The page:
“When you’re able to help somebody, that’s the satisfying part,” he added. “For example, telling an 80-year-old woman that she’s eligible for heating assistance, someone who didn’t even know that they were qualified.”

However, Mahoney said he did miss major family events while he was in office.

“Five grandchildren were born in the last five years. But my family understands,” he said.

Asked about his accomplishment in office, Mahoney quickly cited the Open Records law and the Castle Doctrine.

His biggest political regret was not making progress on property tax reform that he believed would have been possible by adopting a system similar to Maryland’s school district consolidation.

Mahoney claims that applying the Maryland system to Fayette County would have resulted in a $50 million annual savings to taxpayers and would have improved schools.

“My one regret is that we didn’t get tax relief in Fayette County,” Mahoney said. “We need to get rid of these imaginary power lines – the school boards where everybody wants their little niche of power.

“I’ve met school board members who have their grandchild hired – the only problem is that the grandchild hasn’t been born yet. We’re not being fair to our school teachers, to our property owners or our kids.”

Will Mahoney consider running for political office in the future?

“I don’t know if I’ll go back into politics. I’ll leave the door open,” he replied. “A lot of those people in Harrisburg get a title, and they think that they are above people. With me it’s what you see is what you get.

“I never went to the galas – I was a hands-on person. Sometimes you feel like you’re beating your head against the wall and you wonder what will break first – your head or the wall,” he added.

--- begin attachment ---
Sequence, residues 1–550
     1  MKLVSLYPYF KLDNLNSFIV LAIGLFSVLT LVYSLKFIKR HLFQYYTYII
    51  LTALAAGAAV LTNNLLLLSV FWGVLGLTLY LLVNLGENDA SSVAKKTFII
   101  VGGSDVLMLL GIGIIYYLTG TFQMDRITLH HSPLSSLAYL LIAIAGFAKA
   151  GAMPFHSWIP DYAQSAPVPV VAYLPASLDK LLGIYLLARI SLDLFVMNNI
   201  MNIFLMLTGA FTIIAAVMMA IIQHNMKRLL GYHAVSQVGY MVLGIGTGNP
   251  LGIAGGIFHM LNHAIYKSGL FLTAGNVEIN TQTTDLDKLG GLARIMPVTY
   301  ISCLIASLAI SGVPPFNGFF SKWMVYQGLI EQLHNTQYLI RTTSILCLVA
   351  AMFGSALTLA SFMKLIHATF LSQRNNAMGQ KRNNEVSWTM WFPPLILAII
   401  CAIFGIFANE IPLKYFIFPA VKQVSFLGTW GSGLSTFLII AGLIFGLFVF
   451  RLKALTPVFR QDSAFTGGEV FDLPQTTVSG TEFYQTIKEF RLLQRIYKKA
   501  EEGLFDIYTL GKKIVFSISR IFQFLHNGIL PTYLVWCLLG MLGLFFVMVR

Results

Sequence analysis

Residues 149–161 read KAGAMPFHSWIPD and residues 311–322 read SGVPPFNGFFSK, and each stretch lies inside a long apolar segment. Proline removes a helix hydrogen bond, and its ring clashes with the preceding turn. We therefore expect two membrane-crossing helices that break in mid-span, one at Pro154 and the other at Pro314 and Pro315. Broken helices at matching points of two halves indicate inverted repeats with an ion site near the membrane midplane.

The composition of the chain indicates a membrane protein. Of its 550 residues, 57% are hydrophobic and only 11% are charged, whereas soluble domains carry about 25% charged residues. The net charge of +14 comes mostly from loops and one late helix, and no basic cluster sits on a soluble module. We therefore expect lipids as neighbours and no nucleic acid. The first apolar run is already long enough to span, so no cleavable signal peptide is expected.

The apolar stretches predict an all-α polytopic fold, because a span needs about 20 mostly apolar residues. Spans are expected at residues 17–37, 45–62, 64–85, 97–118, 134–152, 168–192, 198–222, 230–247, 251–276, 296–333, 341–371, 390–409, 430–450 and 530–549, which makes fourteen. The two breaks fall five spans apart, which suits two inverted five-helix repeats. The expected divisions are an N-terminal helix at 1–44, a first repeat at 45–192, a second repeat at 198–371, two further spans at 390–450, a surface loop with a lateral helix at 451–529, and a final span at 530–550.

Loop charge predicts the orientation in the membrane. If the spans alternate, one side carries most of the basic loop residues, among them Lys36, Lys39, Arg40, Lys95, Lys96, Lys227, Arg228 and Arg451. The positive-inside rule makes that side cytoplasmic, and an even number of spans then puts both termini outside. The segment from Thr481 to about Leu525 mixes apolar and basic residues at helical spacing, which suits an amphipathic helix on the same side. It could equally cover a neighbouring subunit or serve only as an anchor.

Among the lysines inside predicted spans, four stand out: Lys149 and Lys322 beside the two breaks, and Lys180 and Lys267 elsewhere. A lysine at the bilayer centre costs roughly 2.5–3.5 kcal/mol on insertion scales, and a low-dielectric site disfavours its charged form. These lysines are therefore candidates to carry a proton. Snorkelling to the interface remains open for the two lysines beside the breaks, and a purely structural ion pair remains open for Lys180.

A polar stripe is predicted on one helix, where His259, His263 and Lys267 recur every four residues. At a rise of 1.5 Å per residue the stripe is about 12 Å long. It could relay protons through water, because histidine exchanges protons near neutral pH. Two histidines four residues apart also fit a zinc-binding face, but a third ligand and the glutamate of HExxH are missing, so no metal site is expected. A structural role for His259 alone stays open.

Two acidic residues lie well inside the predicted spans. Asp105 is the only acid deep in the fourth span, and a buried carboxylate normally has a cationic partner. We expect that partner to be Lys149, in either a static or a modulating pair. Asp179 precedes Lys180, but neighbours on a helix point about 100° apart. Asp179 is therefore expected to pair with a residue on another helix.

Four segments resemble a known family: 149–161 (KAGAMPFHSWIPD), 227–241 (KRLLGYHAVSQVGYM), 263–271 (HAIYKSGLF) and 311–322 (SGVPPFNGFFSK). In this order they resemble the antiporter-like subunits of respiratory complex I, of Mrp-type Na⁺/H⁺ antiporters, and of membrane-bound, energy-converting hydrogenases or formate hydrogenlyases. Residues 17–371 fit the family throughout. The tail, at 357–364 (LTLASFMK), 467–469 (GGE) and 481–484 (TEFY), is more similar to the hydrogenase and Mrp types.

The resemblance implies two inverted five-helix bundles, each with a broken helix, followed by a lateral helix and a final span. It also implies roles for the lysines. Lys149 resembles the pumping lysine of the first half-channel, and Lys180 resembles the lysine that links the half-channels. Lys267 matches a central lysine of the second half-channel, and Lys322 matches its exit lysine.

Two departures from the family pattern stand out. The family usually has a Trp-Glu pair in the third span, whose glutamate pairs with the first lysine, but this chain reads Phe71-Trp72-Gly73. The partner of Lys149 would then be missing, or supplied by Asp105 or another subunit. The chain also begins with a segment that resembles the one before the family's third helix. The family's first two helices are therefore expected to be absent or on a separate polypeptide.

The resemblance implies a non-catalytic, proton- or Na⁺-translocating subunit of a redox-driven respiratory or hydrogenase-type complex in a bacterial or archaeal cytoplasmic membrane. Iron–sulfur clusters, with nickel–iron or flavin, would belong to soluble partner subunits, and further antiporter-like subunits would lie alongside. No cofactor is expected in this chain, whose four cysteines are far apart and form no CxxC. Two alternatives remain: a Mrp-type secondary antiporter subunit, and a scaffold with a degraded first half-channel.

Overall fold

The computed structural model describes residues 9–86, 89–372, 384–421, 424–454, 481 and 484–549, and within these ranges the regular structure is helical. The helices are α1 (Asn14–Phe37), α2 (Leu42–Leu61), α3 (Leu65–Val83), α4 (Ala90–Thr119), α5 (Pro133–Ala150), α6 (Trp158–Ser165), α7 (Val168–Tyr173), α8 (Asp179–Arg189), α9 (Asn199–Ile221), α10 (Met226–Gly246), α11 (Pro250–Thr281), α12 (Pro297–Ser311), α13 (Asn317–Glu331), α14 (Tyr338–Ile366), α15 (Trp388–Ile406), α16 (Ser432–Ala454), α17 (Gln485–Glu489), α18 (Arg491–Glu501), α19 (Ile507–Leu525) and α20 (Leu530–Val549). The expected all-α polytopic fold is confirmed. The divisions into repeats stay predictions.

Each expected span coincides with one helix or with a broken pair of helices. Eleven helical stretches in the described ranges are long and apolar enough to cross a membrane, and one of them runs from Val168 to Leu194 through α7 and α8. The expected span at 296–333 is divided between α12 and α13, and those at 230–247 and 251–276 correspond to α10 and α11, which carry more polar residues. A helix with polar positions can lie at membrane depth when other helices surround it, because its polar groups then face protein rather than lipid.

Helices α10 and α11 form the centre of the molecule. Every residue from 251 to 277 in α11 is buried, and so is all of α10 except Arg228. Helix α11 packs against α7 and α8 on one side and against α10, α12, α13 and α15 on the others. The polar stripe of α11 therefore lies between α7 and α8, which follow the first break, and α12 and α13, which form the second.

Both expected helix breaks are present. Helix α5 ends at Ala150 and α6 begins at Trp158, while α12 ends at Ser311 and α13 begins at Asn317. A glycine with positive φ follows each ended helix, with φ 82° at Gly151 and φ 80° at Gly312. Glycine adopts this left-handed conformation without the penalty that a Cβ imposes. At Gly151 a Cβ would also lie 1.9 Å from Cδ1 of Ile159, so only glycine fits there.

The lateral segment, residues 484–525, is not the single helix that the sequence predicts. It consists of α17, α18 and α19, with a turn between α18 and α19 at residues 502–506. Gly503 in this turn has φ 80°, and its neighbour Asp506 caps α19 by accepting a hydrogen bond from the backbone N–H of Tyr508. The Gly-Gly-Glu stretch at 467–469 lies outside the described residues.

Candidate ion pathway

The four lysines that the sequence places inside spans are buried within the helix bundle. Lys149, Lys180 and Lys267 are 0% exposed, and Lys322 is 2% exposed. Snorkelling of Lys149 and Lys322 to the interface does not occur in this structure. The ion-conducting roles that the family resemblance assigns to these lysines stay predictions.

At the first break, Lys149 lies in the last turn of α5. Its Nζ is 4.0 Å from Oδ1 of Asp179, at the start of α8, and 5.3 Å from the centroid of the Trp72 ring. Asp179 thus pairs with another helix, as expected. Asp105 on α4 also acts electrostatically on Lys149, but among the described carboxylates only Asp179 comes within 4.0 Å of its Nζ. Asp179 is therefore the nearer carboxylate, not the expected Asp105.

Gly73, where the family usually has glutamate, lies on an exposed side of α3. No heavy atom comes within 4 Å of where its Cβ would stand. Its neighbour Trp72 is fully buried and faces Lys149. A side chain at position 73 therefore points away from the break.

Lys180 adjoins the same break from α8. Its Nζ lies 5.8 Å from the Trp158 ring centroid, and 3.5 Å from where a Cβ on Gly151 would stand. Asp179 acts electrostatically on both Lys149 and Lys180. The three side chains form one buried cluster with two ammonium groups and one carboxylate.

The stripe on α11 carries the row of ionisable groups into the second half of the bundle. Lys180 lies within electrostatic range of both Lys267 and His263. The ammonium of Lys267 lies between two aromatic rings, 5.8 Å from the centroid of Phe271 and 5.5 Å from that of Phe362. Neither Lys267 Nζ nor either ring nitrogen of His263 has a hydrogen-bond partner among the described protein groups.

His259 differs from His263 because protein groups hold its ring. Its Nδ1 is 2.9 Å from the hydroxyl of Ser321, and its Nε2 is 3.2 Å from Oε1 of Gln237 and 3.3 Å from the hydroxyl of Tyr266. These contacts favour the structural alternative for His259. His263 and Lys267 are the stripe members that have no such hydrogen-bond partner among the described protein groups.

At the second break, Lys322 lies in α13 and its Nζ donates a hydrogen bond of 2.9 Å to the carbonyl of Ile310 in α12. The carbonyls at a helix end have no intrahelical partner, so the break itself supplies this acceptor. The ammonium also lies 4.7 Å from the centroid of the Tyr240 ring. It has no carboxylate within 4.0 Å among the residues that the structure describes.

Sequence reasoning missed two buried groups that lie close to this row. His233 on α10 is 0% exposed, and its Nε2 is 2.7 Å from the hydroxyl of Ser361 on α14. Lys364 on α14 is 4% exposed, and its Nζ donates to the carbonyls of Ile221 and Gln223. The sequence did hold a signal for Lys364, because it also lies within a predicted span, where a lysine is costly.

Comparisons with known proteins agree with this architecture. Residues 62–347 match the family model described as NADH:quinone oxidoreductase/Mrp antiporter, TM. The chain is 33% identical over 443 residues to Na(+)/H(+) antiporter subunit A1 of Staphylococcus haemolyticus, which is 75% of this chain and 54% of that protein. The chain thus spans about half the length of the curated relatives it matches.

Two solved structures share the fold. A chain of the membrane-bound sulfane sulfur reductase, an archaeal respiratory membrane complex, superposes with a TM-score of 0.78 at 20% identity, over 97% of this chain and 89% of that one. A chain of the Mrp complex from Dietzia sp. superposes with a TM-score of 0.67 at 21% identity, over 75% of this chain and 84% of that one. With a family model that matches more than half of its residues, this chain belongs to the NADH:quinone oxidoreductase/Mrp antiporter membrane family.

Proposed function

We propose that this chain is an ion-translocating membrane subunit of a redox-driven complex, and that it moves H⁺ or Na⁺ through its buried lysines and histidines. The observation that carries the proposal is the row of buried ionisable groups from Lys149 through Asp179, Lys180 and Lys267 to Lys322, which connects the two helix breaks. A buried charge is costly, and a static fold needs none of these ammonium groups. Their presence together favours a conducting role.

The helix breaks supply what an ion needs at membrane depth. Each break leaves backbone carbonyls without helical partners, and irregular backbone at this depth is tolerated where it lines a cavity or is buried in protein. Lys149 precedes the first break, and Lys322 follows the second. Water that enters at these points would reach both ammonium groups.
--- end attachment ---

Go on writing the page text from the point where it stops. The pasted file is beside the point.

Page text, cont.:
Mahoney said Fayette County is always among the last in the state to receive funding.

“Coming from the East End of (Uniontown) … I’ve had friends who are on the bottom and have had trouble with the law. Then, I have good friends who are billionaires.

“That’s the problem in Harrisburg. I think it’s just like Washington, D.C.,” he added. “People have different reasons why they are there. They are there for a job and for a paycheck but not for the right reasons. “

Mahoney said he wishes everyone would step into politics at the age of 50.

“That’s when you’ve learned the life values. Then you serve ten or fifteen years and get out,” he said.

Despite rumors to the contrary, the Mahoney family’s annual free Christmas dinner to the needy will continue to go on now that he is no longer in office.

“I will continue the Christmas dinner,“ he said. “That was one of the most gratifying things – it may be one of the most important things I started.

“Giving the needy a meal or just a place to go on Christmas day for people who didn’t want to be alone is very gratifying. My whole family has become involved.

“People want to donate to the dinner now and that’s OK. But I’m not financially distraught. I’m fortunate enough to be able to do it,” he added.

“Now other people want to step in and help so we’ll make it larger and better. I’m grateful to Hartsek Catering, too, because I’m no cook,” Mahoney laughed.

Franklin LaCava is a staff reporter for The Daily Courier and may be reached at or (724) 628-2000 ext 116.